Oliver Cromwell in Ireland
From 'A History of the British Nation' by AD Innes, 1912
In Ireland, the death of Charles I united against the regicide government the Cavalier element and the native Irish — to whom any English government was sufficiently detestable, but a rule at once English and Puritan was an abomination. In England itself, Cavalier loyalty and Presbyterian respectability were, according to circumstances, stung to fury or grievously shocked at the usurpation of Sectarians and regicides.
Finally, in the victorious party itself, an angry spirit was aroused among many who had looked for liberty at least for themselves, and now saw, occupying the seats of the mighty, men who could not refrain if they would from acting despotically. Even of the fleet, a substantial portion declared at first against the new regime.
The government weathered the storm. A stern and remorseless discipline arrested the mutinous spirit in the army; in the navy, after the first moment of doubt, it became evident that the great preponderance lay with those who declared for loyalty to the Commonwealth.
The last year's campaign had impressed upon Cavaliers and Presbyterians the futility of armed insurrection. Foreign Powers might be hostile, but they had other things to think of than intervention in English affairs. Scotland did not espouse the cause of Charles's son, would not even hasten to set the crown of Scotland itself on his head, until she had made her own terms with him. The pressing danger was in Ireland, where Cavaliers and Catholics together threatened to wipe out their opponents, and to provide a basis whence the combined elements of disaffection might organise an attack on the English Government.
Cromwell arrives in Ireland
To Ireland, then, Cromwell was despatched in the August after the execution of King Charles; and he dealt with that country on the general principle that his opponents were rebels; at any rate that those humane modifications in the commonly recognised laws of war, which had habitually prevailed during the contest in England, were not to be applied in Ireland. Here, at least, he acted on the conviction that by striking ruthlessly at once he would make a prolonged war and prolonged bloodshed impossible.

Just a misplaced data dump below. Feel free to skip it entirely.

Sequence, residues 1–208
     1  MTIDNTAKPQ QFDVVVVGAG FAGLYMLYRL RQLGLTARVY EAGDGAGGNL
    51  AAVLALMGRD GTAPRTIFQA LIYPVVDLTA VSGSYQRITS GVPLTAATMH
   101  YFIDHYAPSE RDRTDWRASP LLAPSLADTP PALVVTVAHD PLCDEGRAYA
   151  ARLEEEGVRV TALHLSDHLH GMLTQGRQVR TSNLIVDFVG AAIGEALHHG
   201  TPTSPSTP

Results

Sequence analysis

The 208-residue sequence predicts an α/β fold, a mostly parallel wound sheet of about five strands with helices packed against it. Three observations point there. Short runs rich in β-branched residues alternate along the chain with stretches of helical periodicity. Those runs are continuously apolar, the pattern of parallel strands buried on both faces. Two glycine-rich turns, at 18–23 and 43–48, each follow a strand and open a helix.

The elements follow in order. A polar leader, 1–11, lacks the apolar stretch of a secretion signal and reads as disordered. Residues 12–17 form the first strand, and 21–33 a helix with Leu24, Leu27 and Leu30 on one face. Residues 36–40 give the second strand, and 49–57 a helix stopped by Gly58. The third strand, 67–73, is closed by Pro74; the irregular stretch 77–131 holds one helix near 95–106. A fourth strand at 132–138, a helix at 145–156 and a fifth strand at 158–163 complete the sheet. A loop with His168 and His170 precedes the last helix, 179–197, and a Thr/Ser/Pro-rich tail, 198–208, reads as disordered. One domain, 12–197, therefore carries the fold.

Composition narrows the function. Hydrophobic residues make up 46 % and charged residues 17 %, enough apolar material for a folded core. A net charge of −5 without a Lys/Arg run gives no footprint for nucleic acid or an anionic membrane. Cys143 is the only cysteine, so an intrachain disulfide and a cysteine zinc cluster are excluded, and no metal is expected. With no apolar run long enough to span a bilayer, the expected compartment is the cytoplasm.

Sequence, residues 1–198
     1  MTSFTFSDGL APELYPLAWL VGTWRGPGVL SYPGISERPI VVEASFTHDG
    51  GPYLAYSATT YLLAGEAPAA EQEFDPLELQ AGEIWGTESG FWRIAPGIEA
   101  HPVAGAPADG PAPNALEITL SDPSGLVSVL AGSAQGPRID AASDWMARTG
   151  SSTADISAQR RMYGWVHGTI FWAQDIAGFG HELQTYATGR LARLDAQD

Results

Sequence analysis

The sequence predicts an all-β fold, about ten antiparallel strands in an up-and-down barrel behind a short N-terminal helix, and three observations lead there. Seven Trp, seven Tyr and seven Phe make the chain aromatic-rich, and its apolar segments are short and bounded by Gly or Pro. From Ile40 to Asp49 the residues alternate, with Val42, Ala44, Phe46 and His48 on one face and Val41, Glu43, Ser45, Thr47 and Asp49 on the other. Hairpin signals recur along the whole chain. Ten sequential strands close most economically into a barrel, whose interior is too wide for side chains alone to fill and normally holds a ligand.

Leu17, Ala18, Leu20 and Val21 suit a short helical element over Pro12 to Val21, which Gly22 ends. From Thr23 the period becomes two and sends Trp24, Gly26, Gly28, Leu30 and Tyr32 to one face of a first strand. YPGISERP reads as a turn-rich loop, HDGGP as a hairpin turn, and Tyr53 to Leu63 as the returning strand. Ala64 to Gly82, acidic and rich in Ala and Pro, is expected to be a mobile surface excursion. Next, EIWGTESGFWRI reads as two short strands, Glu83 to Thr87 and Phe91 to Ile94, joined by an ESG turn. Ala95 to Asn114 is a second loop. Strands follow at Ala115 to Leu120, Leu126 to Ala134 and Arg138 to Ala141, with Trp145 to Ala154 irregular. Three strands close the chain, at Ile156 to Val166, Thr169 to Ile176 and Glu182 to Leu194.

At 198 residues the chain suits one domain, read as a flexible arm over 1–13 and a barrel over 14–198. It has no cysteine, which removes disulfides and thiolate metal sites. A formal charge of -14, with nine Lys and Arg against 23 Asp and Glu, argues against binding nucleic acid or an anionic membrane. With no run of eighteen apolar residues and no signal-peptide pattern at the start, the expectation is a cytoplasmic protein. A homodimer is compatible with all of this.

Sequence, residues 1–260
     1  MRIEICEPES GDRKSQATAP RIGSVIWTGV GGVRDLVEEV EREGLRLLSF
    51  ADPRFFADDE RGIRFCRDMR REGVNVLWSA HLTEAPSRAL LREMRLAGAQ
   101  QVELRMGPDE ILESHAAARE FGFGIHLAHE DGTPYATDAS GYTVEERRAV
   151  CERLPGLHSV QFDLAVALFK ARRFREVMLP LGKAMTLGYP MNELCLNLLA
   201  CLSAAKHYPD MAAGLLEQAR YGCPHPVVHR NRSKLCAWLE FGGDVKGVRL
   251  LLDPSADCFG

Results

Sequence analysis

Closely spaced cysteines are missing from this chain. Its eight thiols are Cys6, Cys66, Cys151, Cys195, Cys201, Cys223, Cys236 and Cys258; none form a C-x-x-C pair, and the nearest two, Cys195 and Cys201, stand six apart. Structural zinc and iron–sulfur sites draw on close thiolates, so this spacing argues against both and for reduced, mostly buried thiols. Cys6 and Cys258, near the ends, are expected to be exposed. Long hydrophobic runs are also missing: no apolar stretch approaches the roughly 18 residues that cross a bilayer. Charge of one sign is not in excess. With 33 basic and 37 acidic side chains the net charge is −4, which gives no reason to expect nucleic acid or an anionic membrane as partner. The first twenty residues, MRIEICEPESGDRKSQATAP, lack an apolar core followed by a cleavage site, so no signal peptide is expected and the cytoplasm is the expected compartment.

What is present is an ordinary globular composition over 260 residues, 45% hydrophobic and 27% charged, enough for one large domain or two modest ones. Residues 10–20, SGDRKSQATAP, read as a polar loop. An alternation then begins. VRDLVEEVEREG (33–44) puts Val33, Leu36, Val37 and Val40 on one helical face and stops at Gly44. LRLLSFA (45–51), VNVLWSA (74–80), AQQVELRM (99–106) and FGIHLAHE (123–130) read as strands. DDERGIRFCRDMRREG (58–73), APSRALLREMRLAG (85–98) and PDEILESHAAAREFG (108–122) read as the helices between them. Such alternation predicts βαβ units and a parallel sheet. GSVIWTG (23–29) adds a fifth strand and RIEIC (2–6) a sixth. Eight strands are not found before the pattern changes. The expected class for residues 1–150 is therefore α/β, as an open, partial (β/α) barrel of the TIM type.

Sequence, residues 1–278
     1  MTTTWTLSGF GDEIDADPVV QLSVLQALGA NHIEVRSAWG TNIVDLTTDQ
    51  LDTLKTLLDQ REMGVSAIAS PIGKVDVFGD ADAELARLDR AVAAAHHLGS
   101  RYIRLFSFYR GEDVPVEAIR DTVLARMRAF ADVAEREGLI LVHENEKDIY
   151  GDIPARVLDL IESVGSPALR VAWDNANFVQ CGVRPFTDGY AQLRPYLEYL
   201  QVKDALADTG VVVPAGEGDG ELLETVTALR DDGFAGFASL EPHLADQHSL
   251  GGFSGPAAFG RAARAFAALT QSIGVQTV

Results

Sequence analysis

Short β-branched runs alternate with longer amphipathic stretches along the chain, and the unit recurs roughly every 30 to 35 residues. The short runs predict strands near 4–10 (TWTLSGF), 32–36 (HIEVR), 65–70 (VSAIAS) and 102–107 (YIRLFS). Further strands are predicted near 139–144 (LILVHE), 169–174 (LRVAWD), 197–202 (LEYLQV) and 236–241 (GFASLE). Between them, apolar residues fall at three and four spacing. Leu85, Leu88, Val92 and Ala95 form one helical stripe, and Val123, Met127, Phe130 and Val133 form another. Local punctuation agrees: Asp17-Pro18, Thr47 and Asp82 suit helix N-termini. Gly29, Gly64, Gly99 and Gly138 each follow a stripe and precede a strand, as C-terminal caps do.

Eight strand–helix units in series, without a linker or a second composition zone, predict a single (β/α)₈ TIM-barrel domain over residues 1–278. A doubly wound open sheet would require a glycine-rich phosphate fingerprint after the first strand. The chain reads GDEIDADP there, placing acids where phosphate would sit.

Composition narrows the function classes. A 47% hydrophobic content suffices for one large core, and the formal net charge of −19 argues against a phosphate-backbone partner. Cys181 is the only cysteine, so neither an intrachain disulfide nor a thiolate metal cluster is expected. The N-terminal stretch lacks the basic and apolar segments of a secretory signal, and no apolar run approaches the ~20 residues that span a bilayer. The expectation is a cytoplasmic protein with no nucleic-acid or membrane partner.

Drogheda and Wexford
He turned upon Drogheda, stormed it when it refused to surrender, and no quarter was given to those in the town who were in arms. Then he fell upon Wexford, which was treated after the same fashion, though this time the slaughter was carried out by the soldiery without direct orders.
The massacres of Drogheda and Wexford served their purpose. When Cromwell had made it clear that resistance in the first place was futile, and in the second place would be punished without mercy, resistance practically disappeared. Garrison after garrison surrendered after being summoned, and there was little more actual bloodshed. Cromwell was perhaps right in believing that so far as the immediate war was concerned the truest mercy was in mercilessness.
Moreover, he suffered from the conviction common to practically all Englishmen, for at least a century past, that the Irish were too barbarous to understand other methods than those of barbarism; they were savages, controllable only by terrorism. For the rest, again in common with all Englishmen, he believed in the full tale of the atrocities committed in the Irish insurrection of 1641, and imagined that the worst he did fell far short of being a just punishment for the crimes of the past.
Terror triumphed; but Cromwell had not exacted the full penalty in the streets of Drogheda and Wexford. Sweeping confiscations of land followed, and numbers of the Puritan troopers were planted on Irish soil, to form an effective garrison for years to come. But if Cromwell's doings tended, as he believed, to save the effusion of blood, they sowed afresh the seeds of racial and religious hate, that monstrous crop which was to be reaped by generations upon generations as yet unborn, the black inheritance of the Curse of Cromwell.